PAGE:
In Flanders Fields the Poppies Blow…
Every Memorial Day and every Veterans Day we read essays meant to explain the differences between the two Days; to clarify whom exactly these Days honor and celebrate; to clear up “misconceptions” about them; to provide historical and legislative context; to compare them to similar Days in other countries — even to clear up confusion about the correct spelling of Veterans Day:
A lot of people think it’s “Veteran’s Day” or “Veterans’ Day,” but they’re wrong. The holiday is not a day that “belongs” to one veteran or multiple veterans, which is what an apostrophe implies. It’s a day for honoring all veterans — so no apostrophe needed.
Simply – but not lightly – said, our Veterans Day is a day meant to thank and honor all the brave men and women, both living and deceased, who answered the call to serve in our armed forces both in war and peace. But, the Defense Department adds, “…it’s largely intended to thank living veterans for their sacrifices…”
Defense goes on to explain, “Memorial Day is a time to remember those who gave their lives for our country, particularly in battle or from wounds they suffered in battle.”
As mentioned, other countries also consecrate November 11 to honor their veterans, whether falling exactly on the 11th hour of the 11th day of the 11th month and whether called “Armistice Day,” “Remembrance Day,” “Remembrance Sunday” or “Poppy Day.”
Having lived and served in several of those countries, the latter name, “Poppy Day,” has stuck with me and has a special appeal and meaning.
It is perhaps because of the sight and memories of those beautiful red poppy flowers – a symbol of the fallen — worn by so many and magnificently displayed in special ways, in particular in the United Kingdom.*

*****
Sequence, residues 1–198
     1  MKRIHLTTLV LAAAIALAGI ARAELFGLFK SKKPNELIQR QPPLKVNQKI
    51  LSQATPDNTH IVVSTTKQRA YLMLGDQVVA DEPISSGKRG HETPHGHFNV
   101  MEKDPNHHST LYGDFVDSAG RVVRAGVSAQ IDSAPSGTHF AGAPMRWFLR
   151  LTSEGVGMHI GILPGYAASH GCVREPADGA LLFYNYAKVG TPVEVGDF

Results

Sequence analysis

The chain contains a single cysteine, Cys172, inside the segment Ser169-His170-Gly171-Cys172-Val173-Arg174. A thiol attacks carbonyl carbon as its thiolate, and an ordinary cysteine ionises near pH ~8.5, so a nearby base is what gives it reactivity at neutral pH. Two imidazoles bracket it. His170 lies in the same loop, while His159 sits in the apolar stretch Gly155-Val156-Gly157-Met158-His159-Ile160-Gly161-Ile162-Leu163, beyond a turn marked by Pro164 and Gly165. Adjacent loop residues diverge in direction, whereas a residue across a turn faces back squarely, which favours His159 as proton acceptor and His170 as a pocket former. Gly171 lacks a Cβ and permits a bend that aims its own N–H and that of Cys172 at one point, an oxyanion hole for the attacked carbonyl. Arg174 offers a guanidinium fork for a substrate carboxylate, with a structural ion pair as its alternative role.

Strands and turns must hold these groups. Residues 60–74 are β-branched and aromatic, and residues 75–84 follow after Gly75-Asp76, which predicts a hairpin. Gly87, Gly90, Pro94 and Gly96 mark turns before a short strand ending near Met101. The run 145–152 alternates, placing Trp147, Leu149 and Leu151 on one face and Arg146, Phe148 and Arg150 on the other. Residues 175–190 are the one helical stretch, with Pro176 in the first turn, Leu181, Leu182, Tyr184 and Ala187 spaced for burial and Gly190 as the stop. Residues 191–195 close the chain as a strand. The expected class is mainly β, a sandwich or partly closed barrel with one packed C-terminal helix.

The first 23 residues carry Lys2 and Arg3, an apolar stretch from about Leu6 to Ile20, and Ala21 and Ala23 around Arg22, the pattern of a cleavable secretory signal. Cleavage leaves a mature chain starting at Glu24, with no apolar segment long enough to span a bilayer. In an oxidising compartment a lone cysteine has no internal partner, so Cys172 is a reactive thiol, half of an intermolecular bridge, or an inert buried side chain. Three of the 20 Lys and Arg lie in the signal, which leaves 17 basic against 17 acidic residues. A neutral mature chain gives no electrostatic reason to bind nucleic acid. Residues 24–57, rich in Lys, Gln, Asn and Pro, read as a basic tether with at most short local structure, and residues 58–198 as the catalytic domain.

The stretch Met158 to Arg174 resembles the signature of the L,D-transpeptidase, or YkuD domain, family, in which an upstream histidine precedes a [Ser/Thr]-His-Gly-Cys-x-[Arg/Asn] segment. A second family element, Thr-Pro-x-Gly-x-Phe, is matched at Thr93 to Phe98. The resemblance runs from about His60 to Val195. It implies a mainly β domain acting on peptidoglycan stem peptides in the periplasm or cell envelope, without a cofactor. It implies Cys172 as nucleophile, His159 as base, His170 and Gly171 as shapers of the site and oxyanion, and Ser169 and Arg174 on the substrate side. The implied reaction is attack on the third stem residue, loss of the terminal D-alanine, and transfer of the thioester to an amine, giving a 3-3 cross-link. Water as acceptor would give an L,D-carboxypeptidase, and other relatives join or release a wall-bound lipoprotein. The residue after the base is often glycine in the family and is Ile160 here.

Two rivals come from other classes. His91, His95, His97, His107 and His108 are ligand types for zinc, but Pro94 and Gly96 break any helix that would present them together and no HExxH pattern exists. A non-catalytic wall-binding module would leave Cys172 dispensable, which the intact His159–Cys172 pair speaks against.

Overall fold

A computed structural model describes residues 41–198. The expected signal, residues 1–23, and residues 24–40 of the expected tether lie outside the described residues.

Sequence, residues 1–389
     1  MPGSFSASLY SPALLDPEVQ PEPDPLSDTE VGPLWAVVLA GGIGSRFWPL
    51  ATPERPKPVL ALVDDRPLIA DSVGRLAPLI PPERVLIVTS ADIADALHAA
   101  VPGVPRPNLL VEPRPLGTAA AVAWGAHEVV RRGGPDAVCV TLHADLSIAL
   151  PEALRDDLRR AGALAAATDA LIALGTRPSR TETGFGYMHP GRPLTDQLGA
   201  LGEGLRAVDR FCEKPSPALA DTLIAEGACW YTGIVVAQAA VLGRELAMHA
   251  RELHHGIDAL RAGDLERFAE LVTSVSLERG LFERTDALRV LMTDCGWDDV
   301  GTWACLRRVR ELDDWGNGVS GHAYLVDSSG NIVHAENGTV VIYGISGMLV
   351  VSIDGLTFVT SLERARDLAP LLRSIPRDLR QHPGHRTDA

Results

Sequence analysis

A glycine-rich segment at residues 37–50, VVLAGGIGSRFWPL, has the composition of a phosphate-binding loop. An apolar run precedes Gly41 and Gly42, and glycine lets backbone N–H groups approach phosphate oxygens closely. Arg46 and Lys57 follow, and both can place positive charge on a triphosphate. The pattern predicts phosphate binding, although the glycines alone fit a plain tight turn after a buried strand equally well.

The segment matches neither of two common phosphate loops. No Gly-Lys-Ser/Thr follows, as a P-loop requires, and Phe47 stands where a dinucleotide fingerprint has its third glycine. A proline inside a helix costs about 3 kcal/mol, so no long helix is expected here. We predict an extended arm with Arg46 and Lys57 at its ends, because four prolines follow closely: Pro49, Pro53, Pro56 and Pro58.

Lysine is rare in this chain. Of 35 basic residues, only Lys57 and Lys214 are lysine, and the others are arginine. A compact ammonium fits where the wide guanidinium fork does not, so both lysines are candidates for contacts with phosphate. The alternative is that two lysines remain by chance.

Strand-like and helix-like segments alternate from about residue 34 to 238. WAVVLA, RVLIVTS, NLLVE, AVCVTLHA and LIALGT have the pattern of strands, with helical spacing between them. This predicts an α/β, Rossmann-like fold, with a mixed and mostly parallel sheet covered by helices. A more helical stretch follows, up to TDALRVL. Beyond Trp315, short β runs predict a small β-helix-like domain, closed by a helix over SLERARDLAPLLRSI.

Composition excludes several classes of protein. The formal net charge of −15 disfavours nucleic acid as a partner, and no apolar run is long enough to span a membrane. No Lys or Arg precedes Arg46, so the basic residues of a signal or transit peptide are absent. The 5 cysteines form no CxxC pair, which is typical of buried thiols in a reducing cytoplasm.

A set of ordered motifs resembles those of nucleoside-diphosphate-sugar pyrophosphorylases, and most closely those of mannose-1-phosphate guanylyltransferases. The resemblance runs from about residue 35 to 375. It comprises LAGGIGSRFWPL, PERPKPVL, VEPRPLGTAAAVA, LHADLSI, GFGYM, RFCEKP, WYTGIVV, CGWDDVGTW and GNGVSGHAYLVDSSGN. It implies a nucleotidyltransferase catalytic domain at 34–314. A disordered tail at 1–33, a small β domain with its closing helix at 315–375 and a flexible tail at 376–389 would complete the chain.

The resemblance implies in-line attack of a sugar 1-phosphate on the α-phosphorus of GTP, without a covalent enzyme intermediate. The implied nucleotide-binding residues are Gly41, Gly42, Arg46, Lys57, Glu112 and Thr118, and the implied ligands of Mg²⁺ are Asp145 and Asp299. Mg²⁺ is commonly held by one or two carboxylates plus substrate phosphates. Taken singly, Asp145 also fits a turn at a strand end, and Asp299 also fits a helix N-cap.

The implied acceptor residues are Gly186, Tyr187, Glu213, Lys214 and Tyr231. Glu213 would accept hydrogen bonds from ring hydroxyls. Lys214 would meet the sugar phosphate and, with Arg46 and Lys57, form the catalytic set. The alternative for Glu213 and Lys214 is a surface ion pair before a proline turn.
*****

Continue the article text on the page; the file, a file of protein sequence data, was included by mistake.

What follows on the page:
It could also be because of the immortal, poignant war poem written by a Canadian military physician, Lieutenant Colonel John McCrae, reflecting on the horrors he had seen during the May 1915 Second Battle of Ypres, Belgium (including the loss of a close friend), and while watching wild poppy flowers “blow between the crosses, row on row …” on graves of fellow soldiers in a nearby cemetery in Flanders:
In Flanders fields the poppies blow
Between the crosses, row on row,
That mark our place; and in the sky
The larks, still bravely singing, fly
Scarce heard amid the guns below.
We are the Dead. Short days ago
We lived, felt dawn, saw sunset glow,
Loved and were loved, and now we lie,
In Flanders fields.
Take up our quarrel with the foe:
To you from failing hands we throw
The torch; be yours to hold it high.
If ye break faith with us who die
We shall not sleep, though poppies grow
In Flanders fields.
Former Chairman of the Joint Chiefs of Staff Adm. Mike Mullen, U.S. Navy, and his wife Deborah honor American dead on Veterans Day at Flanders Field American Cemetery and Memorial in Waregem, Belgium, on Nov. 12, 2007. DoD photo by Petty Officer 1st Class Chad J. McNeeley, U.S. Navy.
On this American Veterans Day, our thanks, appreciation and respect go – in addition to those who have made the ultimate sacrifice — to the 18.2 million living veterans, men and women from all walks of life who have stepped forward to serve and protect our country and our way of life.
*Royal palaces and the Tower of London have commemorated Remembrance Day and World War I with vast-scale displays of “rivers” of red poppies.
Today, on Remembrance Day, an original World War II Dakota aircraft, “with 40 bullet holes from previous battles,” escorted by two Spitfires, dropped 750,000 poppies as the formation reached the skies above the Battle of Britain War Memorial next to the White Cliffs of Dover.
As the nation fell silent to remember the fallen on Remembrance Sunday, a gentle shower of poppies fell over the famous White Cliffs of Dover.They were carried in a battle-scarred Second World War Dakota plane, which released the 750,000 poppies as it soared above the English coastline.Read more: https://bit.ly/2CxlVYY
Posted by ITV News on Sunday, November 10, 2019
A native of Ecuador, educated in The Netherlands, Dorian de Wind is now happily settled in Austin, Texas, after world-wide residences and assignments as an Air Force communications-electronics officer and as a Lockheed Martin aerospace systems engineer. Author of three computer science textbooks for the U.S. Air Force Extension Course Institute (ECI) and a contributor to several newspapers, publications, websites and blogs, Dorian now concentrates on trying to make our country better for his grandson and his offspring